21st Century Vision

We’ve been discussing how new media changes the way we think, read, and communicate, but we are leaving out one of our most relatable senses, vision. The wave of innovation in the past decade has not only shaped our neuroplasticity and means cognitive thinking, it has also changed how we choose to look at information. Much to my chagrin, if I turn on a movie from before the year  2000 I will get some flak from my friends for putting on a relic of antiquity, solely because the video quality is a little bit subpar or grainy. It appears that to retain my generations attention, media and information MUST be flashy, high definition, up to date with the latest visual technology, and so forth. I think this is an underlying cause of why we are so addicted and distracted by the world of media; all of our media sources appeal to our favorite sense of sight to reel us in and addict us with beautiful displays and current designs. Look at Facebook, Twitter, Instagram, even your iPads and Macbooks, these companies are constantly making minor tweaks to their platforms to make it just slightly more aesthetically pleasing than before, and we LOVE IT.

I’m not preaching about this from my ivory tower, I too am subject to this scam and am constantly being duped by presentation. It appears that if you don’t keep up with the latest and newest you will be left behind, and to make sure that we all WANT to keep it up, there is constant adding of pizzaz. Would you want to use an app or website if its design was ungodly boring? Even company Logos have to change to keep up with our easily distracted vision, showing just the degree of our attention span.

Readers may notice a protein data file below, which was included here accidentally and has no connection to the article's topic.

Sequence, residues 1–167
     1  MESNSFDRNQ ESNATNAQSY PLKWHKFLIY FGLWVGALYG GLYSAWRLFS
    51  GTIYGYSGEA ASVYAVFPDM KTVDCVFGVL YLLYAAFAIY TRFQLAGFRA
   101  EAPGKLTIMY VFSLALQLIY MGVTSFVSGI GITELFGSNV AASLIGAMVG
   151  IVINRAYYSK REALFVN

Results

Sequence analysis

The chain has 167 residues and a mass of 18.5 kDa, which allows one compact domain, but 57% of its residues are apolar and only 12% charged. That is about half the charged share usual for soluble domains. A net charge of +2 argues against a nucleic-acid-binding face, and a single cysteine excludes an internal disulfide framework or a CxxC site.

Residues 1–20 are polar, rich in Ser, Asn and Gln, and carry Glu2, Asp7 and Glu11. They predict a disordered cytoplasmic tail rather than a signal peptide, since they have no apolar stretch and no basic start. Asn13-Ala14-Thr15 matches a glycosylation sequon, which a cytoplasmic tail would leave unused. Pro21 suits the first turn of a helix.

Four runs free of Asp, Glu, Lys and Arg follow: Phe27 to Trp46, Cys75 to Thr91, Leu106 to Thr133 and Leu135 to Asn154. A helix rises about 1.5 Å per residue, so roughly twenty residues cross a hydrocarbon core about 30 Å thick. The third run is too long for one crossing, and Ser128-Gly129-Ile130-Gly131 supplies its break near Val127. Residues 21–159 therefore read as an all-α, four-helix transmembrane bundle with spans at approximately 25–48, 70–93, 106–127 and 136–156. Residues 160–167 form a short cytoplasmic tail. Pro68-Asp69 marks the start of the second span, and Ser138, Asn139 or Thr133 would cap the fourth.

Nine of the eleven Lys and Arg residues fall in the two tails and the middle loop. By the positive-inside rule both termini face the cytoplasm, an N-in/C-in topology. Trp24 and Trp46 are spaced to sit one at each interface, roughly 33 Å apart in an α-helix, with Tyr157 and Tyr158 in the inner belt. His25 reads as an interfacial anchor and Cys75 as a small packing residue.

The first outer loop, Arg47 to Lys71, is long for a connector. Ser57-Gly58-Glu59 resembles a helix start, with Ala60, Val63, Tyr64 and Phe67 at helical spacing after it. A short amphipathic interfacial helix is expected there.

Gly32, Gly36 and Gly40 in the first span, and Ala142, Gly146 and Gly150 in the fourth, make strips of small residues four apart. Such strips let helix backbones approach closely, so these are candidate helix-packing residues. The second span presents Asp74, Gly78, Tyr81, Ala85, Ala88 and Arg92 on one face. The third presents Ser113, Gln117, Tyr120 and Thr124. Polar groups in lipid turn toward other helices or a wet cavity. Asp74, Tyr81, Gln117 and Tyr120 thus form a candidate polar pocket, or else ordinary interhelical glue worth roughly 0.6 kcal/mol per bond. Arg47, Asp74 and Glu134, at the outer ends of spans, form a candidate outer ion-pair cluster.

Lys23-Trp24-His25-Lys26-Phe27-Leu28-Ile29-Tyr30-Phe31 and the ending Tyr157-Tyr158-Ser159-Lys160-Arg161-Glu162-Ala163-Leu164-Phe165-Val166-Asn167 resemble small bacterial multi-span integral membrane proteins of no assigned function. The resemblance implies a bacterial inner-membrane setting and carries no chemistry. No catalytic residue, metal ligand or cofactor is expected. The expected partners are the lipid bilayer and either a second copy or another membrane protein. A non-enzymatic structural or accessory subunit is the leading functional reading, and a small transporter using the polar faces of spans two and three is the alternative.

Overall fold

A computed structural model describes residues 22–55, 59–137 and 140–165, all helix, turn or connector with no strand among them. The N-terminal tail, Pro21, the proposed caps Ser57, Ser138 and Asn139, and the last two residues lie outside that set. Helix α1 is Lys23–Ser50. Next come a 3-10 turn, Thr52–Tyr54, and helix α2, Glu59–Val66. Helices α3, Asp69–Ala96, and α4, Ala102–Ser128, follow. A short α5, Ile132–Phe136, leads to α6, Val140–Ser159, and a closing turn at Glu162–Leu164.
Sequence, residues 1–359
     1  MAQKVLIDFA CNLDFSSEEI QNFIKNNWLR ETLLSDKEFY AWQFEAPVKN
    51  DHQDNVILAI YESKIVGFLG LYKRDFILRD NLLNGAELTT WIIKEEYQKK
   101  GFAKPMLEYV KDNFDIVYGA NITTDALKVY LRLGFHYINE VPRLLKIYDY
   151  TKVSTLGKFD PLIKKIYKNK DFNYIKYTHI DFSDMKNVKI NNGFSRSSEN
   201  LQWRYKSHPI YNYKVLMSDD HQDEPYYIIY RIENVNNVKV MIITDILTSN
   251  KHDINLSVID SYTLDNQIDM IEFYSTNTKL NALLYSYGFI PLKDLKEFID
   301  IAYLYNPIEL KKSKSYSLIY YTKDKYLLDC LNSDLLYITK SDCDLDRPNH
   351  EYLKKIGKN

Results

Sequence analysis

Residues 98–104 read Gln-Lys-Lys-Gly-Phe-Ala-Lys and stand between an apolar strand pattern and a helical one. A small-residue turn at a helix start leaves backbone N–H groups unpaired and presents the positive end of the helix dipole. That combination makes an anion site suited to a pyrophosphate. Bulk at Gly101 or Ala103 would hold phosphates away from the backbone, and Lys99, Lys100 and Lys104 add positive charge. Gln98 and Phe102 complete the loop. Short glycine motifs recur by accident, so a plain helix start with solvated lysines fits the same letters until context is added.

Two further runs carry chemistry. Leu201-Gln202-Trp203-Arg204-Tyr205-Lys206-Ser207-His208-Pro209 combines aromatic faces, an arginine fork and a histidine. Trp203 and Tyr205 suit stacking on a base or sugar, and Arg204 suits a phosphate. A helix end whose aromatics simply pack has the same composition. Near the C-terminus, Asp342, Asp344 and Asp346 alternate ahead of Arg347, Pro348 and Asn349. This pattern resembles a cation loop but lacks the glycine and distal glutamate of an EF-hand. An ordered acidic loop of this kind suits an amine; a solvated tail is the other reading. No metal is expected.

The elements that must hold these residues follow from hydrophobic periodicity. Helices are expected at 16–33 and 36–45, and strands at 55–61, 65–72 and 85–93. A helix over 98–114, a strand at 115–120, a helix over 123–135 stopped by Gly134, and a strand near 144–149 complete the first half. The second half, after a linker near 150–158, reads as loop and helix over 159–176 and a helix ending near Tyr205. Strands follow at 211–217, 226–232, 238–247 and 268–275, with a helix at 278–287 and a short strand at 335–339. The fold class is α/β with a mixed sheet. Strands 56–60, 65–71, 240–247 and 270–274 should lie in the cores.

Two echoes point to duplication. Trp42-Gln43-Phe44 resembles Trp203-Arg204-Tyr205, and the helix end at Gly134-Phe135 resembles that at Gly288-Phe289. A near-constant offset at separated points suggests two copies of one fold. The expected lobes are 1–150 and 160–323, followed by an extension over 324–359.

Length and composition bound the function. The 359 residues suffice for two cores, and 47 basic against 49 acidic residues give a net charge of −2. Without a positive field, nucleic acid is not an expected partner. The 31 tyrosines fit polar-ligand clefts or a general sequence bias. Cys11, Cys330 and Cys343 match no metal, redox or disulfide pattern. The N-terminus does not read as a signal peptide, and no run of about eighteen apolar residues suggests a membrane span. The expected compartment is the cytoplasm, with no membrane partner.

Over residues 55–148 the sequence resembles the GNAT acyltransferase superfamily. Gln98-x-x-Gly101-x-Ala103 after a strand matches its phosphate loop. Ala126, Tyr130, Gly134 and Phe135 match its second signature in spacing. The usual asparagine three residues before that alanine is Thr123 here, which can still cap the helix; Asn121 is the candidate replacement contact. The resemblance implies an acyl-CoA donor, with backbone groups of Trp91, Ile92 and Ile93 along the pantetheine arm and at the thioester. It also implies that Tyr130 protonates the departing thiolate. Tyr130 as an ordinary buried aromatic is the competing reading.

In other news the Sochi Olympics opening ceremony was gorgeous.

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4 comments on “21st Century Vision

  1. I absolutely agree with you. Its sad how much of a sucker, the average consumer is (myself included). I really hate that I notice if a movie is grainy or not in HD. #firstworldproblems

  2. I’m on the same boat as you that I can’t really watch something if it’s not High Definition and it kind of sucks. Believe it or not, I never watched the cult classic movie Pulp Fiction because it looks old and grainy. Everything I start to watch it when it appears on tv, I change the channel.

  3. This is an interesting approach. I definitely find it true that old movie classics don’t appeal as much nowadays, perhaps because of their lack of colors and high definition. It seems to me like every time Apple updates their iPads or iPhones they invest a lot of energy into changing the display to make the images look even sharper. I usually can’t notice a difference in picture quality from one version to the next, but perhaps over time we are getting accustomed to even better and sharper images.

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